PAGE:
March 31 2017 Vegan Richa 

Peanut Carrot White Bean BurgersWhite Bean Burgers with Carrots, Peanuts and thai flavors. Topped with sweet and sour Butternut squash. Asian Peanut Bean Burgers. Serve as Burgers or make a bowl with greens, and roasted butternut or sweet potato. Vegan Gluten free Option.  Are we all ready for Summer already? I am quite tired of the rain in PNW. Who am I kidding, Spring isnt going to be fun. Thankfully now I know I am not the only person who has a barometer in her sinuses.  Anywho, lets get to this easy and delicious Peanut and White Bean Burger topped with roasted squash or sweet potato that is tossed in sweet and sour sauce and sriracha. As with most veggie burgers, these can easily be made into wraps or served in a bowl with greens and more of the sweet sour sriracha dressing. These Asian flavored burger patties with Peanuts, carrots, celery are crunchy, peanutty and fun. Use other nuts or toasted sunflower seeds or pepitas to make nut-free. A dressing of sweet sour or a bbq sauce take these to another level.  Make these patties and let me know on Instagram or here how you served them!Continue reading: Peanut Carrot White Bean BurgersThe post Peanut Carrot White Bean Burgers appeared first on Vegan Richa.

Peanut Noodles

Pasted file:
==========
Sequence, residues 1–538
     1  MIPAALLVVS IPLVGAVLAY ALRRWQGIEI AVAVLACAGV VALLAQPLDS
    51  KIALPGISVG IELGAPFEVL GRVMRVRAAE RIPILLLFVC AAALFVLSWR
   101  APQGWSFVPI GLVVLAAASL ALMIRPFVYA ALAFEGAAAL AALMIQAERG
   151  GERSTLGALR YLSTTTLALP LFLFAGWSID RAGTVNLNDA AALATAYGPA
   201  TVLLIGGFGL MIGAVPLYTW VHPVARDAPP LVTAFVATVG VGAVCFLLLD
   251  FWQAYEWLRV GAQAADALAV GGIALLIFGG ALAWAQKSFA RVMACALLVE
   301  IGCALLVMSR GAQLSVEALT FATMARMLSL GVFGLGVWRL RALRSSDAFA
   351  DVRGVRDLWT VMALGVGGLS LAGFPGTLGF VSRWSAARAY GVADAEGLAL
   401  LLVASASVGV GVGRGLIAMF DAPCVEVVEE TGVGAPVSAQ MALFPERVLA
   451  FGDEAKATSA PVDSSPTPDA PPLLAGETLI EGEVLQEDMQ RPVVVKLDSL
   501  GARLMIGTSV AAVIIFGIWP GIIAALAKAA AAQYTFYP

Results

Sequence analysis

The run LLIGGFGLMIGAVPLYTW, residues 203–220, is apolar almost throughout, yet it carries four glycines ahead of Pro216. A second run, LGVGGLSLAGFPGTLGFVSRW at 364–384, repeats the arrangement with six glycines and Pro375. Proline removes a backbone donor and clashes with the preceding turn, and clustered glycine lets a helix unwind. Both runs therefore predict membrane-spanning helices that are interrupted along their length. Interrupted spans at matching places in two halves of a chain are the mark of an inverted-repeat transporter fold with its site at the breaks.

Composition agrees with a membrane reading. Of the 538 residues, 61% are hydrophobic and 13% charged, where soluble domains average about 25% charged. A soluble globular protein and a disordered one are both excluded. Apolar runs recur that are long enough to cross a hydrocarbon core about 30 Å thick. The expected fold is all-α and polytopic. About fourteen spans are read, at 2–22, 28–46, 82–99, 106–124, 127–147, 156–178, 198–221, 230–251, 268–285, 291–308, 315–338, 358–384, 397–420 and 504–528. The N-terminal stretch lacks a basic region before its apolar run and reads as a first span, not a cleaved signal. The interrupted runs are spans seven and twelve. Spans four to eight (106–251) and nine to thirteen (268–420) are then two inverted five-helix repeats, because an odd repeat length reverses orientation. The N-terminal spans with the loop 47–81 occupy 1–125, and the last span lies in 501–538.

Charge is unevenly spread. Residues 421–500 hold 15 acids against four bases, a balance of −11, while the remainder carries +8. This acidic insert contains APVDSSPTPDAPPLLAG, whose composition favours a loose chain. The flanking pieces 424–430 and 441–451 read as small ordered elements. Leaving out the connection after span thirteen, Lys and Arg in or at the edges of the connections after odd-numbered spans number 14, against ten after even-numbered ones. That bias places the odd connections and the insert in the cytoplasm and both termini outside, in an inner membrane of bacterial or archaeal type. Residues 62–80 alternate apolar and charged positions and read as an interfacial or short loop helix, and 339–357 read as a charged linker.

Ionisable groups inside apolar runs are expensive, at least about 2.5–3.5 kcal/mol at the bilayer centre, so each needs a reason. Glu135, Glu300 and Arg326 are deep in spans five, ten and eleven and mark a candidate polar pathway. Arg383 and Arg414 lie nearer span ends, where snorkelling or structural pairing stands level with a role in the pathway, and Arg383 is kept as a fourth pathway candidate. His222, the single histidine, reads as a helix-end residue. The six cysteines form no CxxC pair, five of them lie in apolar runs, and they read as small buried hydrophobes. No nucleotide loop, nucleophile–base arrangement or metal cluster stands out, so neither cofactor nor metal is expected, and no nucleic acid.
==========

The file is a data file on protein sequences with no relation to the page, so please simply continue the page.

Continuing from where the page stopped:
February 20 2017 Meatless Monday 

This flavorful peanut noodle dish is not only packed with plant protein, but veggies and enticing aromatic herbs, too. This recipe comes to us from our friends at Pondicheri and is featured as a Meatless Monday special in the restaurant’s New York and Houston locations. Serves 4 - 4 cups /­­ 225 g Chinese thin rice noodles - 3 Tbsp sesame oil - 3-4 cloves garlic, chopped - 2 small carrots, julienned - 1 red bell pepper, thinly sliced - 1 stalk celery, thinly sliced on the bias - 1 small red onion, thinly sliced - 2 in /­­ 5 cm piece ginger, julienned - 2 tsp black pepper - 2 tsp salt - 4 Tbsp Shaoxing cooking wine or rice wine vinegar - Zest & juice from 1 orange - 2 Tbsp ketchup manis [Indonesian soy sauce] - 1 tsp Sichuan peppercorns, ground - 2 Tbsp sambhal olek [Indonesian chili sauce] - 2 Tbsp peanut butter - 2 cups /­­ 135 g spinach leaves, sliced - 1 cup /­­ 340 g purple cabbage, sliced - 2 Tbsp chopped cilantro - 2 Tbsp toasted & chopped peanuts Pour boiling water over the noodles & let them soak for 3-4 minutes. Drain & set aside. In a large wok or sauté pan, heat up the sesame oil & add the garlic. Almost immediately, add the julienned carrots & cook for 4-5 minutes, frequently stirring. Add the red bell peppers & cook for another minute. Turn up the heat & cook, stirring on high for 2-3 minutes. Add the celery, red onions, ginger, black pepper & salt. Cook for just under another minute & add the cooking wine, orange juice with zest, ketchup manis, peppercorns, sambhal olek & peanut butter. Continue cooking at high heat for 2-3 or until the sauce around the vegetables is bubbly. Add the noodles, spinach, cabbage, cilantro & peanuts. Toss to mix, turn the heat off & serve immediately. The post Peanut Noodles appeared first on Meatless Monday.